WICHITA, Kan. (AP) - The National Weather Service says Kansas likely had more than a month's worth of tornadoes in this weekend's outbreak.
Mike Hudson, meteorologist with the National Weather Service in Kansas City, said Sunday that crews are assessing the hardest hit areas from the storms that hit Saturday and Sunday. They're trying to determine how many tornadoes were involved.
State officials reported widespread damage in Sedgwick and Rice counties, but no fatalities.
Hudson says there were 122 preliminary tornado reports in the region, with most occurring in Kansas, but some of those are likely multiple reports of the same tornado. He says statistics show Kansas averages 12 tornadoes in April.
Hudson says based on the early reports that it's likely there will have been more than 12 tornadoes in Kansas in this outbreak.
Gov. Sam Brownback says residents took storm warnings seriously as the heavy storms battered the state.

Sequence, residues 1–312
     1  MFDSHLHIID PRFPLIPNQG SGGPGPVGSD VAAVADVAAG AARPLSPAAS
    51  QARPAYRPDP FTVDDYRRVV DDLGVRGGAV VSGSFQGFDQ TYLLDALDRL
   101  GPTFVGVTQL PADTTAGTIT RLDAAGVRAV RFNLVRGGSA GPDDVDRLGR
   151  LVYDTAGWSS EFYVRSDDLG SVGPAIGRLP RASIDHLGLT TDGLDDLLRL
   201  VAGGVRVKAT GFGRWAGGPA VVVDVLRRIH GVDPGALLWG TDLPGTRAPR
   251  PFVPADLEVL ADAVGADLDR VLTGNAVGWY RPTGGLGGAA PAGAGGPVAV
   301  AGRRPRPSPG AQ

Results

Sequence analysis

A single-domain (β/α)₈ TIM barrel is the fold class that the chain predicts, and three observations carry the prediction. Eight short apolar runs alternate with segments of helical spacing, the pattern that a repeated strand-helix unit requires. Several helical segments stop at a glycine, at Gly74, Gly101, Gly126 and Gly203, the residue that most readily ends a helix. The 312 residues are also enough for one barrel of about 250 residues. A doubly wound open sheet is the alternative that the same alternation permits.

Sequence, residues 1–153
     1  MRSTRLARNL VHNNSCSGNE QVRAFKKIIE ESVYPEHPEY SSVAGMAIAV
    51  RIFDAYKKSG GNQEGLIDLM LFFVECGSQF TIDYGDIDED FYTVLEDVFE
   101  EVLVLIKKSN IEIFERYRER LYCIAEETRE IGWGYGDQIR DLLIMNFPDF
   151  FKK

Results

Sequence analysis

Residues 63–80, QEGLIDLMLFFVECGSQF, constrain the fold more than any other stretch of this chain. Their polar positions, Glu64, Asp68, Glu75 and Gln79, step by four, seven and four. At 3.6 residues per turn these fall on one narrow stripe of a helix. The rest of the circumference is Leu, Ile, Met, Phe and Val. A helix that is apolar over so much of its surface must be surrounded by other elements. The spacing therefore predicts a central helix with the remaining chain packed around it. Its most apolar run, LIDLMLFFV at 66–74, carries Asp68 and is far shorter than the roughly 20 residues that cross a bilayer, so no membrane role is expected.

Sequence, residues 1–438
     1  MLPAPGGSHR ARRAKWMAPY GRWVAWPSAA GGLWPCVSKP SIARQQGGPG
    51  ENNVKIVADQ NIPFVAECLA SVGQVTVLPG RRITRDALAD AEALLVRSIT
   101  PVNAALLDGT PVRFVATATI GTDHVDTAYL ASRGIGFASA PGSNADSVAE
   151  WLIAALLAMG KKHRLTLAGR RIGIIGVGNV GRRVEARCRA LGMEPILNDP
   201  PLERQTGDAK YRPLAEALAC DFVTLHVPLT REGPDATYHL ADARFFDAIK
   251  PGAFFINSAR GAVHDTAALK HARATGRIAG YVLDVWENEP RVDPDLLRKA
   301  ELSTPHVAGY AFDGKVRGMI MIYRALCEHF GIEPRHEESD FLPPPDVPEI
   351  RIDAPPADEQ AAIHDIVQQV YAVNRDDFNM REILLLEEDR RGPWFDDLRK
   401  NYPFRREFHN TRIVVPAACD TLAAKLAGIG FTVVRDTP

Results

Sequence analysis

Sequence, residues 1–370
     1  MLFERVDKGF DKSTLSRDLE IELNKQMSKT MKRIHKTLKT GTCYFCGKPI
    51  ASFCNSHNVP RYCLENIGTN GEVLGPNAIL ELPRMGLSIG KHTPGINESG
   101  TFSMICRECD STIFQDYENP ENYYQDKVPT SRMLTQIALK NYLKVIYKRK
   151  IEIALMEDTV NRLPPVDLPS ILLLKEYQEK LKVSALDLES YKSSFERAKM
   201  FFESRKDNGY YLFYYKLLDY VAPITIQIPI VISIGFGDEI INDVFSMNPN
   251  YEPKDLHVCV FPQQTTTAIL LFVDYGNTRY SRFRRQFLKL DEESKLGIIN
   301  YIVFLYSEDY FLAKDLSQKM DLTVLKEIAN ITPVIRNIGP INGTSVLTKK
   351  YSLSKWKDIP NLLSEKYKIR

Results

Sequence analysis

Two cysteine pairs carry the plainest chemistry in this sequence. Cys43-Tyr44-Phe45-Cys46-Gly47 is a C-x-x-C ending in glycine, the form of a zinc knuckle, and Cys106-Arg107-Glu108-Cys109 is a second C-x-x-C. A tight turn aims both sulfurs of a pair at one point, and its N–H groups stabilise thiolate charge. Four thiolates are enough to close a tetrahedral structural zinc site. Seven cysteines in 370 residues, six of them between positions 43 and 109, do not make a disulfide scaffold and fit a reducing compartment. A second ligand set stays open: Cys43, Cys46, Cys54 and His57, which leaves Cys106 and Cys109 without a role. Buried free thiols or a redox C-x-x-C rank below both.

The weather system hit Sedgwick and Rice counties especially hard. One twister in Wichita caused damage at McConnell Air Force Base and at a Wichita mobile home park. Preliminary damage estimates could be as high as $283 million.
Jim Keeney, a meteorologist with the weather service, said Sunday that the tornado that hit Wichita late Saturday has been given a preliminary ranking of EF-3 based on damage there. Another tornado that hit Ellsworth County Saturday has been rated an EF-4.
Keeney said the ratings are preliminary, and final rankings will likely be available Monday.
The weather service says the EF Scale is used to assign a tornado a `rating' based on estimated wind speeds and damage. The tornado scale ranges from EF-1 to EF-5, which is the worst.
Brownback, who issued a declaration of disaster emergency early Sunday, said the state was fortunate to have escaped fatalities. He says residents responded to the storm warnings and took cover, and that preparation may have saved many lives.